I was watching a talk show on TV the other day and it made me realize just how far behind I am in keeping up with all of the new terms and expressions in the English language. You see, even though the guests on the show, a group of teenagers, were speaking English (at least I think they were), I barely understood a word they said.
One girl, for example, was angrily discussing her recent breakup with her boyfriend. “He used to be so nice, telling me all the time what a bomb I was, how bad I was and how fat I was, so why then, did he cheat on me with my best friend?”
I just sat there, staring at the TV because the girl made no sense to me. I mean, she actually liked it when her boyfriend called her a fat, bad bomb? He sounded like a real creep to me. Still, out of curiosity, I decided to check out the words online.
I was surprised to learn that nowadays, “bad” actually means good. And a bomb is something that’s flashy and exciting – really “dynamite” (I’ll bet a lot of Broadway stars whose plays were called box-office bombs are wishing the latest definition had applied to them instead). I also discovered that the word isn’t “fat,” but “PHAT,” which stands for “pretty hot and tempting” (Oh great – now when people tell me I look fat (phat?), I’ll have to ask them to spell it before I get upset?).
Out of curiosity, I also happened to look up modern-day terms for kissing. They included, among others, “sucking face,” “tonsil hockey,” and “swapping saliva.”
Back when I was a teen, the popular terms for kissing were “making out” and “necking” (I hate to even think of what they might mean nowadays). I mean, look at what happened to the term my mother’s generation called kissing—“mugging!” At exactly what point in time, I wonder, did something so romantic suddenly transform into something that could get you 5-10 in prison? Can you just see some poor old guy bragging to his grandchildren, “Yep, when I was in my prime, I spent a lot of time mugging in the back seat of my car over at Massabesic Lake. The ladies told me I was one of the best around!”
Even a lot of the words and expressions I used when I was a teenager already are obsolete. When was the last time you heard someone say “groovy” or “far out?” Refer to the police as “the fuzz?” Call a house a “pad?” Describe wild colors or music as “psychedelic, or anything pleasurable as “neat-o?” And I’m pretty sure the word “cool” is on life support right about now, too.
If I’m feeling behind the times, I just can imagine how my mother’s generation feels. Back when she was young, a really special guy was called “the cat’s pajamas” (though I have NO idea why), and a pretty woman would elicit appreciative choruses of “hubba, hubba, zing, zing!” from men.
Even job titles have changed over the years. A secretary is an administrative assistant, a waitress is a food server, a stewardess is a flight attendant, a phone solicitor is a telemarketer, and a dog groomer is a fur-coiffure specialist (okay, so I made up that last one).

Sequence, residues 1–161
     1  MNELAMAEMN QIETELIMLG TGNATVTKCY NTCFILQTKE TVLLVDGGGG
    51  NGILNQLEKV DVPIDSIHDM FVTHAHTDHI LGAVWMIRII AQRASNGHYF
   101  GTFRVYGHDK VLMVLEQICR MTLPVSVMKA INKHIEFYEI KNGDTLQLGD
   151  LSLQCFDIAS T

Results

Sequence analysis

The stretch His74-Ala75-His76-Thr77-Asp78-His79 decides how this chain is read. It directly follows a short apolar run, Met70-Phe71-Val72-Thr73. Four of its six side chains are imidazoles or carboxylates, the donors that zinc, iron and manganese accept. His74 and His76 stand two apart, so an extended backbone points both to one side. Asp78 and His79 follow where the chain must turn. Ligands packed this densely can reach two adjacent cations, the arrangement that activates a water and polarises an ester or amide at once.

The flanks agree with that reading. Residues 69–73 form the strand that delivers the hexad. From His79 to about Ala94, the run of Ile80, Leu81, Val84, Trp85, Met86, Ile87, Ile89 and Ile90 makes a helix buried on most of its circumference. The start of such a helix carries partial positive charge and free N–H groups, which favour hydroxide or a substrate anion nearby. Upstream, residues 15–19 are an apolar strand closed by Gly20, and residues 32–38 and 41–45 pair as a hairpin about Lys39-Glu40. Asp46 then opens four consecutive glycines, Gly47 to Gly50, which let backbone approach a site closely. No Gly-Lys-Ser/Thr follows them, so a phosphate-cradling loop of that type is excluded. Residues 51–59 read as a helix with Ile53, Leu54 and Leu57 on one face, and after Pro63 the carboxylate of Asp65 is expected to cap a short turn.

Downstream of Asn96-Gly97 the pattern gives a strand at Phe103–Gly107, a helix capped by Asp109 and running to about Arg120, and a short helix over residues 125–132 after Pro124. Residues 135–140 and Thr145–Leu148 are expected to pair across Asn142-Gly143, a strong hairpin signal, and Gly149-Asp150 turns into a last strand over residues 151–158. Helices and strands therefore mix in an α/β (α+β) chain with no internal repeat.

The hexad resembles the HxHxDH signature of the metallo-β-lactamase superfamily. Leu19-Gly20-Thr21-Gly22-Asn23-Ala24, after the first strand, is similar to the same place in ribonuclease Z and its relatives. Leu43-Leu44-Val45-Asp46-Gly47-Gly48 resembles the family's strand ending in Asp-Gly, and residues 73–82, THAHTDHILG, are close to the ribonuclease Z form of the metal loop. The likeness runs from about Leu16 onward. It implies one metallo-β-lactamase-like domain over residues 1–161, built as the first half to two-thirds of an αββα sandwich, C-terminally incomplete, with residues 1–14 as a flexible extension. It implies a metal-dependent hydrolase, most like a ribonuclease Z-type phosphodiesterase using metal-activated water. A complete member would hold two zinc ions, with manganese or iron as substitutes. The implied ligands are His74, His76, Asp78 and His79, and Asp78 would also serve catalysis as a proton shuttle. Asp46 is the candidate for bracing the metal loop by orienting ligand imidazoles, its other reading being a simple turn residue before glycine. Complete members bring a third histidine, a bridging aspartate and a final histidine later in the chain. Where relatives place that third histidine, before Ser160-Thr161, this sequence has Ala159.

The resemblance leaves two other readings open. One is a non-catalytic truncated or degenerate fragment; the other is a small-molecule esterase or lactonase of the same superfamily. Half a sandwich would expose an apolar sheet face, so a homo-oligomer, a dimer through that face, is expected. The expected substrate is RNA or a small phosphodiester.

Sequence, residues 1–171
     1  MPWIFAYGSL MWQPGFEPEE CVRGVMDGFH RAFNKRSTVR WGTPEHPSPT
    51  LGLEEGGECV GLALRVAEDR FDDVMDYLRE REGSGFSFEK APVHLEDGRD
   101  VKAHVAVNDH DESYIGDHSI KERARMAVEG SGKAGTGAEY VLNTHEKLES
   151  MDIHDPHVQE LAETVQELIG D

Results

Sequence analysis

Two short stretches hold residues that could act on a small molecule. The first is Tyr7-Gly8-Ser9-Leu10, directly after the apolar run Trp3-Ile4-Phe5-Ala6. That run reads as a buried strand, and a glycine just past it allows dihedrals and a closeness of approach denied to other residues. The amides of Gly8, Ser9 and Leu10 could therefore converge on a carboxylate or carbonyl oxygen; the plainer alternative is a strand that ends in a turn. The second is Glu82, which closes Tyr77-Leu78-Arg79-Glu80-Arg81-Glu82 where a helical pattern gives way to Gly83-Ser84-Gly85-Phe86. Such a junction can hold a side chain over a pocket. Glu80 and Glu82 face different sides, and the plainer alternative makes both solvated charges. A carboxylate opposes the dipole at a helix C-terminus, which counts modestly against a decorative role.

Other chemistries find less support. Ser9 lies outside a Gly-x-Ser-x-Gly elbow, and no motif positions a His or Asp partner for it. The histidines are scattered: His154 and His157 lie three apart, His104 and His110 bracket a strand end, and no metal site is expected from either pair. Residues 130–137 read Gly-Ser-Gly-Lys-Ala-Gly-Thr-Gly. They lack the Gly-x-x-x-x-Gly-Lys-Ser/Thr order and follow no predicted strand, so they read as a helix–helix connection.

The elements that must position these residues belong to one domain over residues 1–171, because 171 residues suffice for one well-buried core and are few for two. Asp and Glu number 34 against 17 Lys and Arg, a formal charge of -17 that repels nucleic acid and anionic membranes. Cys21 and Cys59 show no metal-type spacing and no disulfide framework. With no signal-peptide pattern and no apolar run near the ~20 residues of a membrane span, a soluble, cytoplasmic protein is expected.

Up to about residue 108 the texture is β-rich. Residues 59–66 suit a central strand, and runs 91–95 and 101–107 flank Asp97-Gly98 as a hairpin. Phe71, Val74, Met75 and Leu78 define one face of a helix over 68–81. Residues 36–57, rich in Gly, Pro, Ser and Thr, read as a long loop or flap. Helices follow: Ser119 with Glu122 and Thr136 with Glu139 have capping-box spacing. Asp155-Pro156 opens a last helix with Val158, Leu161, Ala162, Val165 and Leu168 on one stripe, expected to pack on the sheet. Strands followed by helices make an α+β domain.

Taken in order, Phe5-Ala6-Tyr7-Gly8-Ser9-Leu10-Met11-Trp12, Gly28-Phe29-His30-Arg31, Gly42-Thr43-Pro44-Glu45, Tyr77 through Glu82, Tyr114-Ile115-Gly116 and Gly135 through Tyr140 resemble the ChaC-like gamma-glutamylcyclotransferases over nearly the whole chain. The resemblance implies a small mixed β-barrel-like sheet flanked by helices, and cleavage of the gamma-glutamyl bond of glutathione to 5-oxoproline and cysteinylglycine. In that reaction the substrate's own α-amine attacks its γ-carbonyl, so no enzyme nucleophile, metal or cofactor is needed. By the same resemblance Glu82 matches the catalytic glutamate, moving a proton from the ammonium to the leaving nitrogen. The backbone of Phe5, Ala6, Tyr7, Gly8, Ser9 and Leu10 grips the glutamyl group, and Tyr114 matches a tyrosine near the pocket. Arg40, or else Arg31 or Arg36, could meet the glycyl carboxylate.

But I learned yet another new job title when I was in a department store the other day and asked the woman at the service desk if there might be a stock boy available to help me lift a 35-lb. bag of dog food into my cart.
She said, “No problem. I will page a merchandise replenisher to help you.”
What concerns me is that if the English language continues to change at the rate it has been, everything I’ve written in my old diaries might be grossly misconstrued when some future generation happens to find them lying among the ruins.
Take, for example, the word “boob.” When I was growing up, it was used solely to describe a foolish person—someone who acted like a juvenile. So just imagine someone picking up my old diary and reading, “It seemed as if every time I turned around at the party last night, these two boobs – both husky with long hair – were staring me in the face!”
And “dogs” were a common term for feet. In fact, an old slogan for the “Hush Puppies” brand of shoes was, “They quiet your barking dogs.” One of my old diary excerpts reads: “My dogs are in so much pain right now I barely can stand on them! That’s what I get for forcing them to walk around in spiked heels all day!” Sounds like a pretty good case for the SPCA.
But the worst thing I wrote in my old diaries was the expression, “fooling around.” Back then, it meant to hang out with someone. Just about every weekend, I wrote something like, “Tonight I fooled around with George, his cousin Ken and their two girlfriends.” People who might read that in the future probably will think I was a real “floozy.”
Oh, actually they won’t...because that’s another expression that’s become obsolete.
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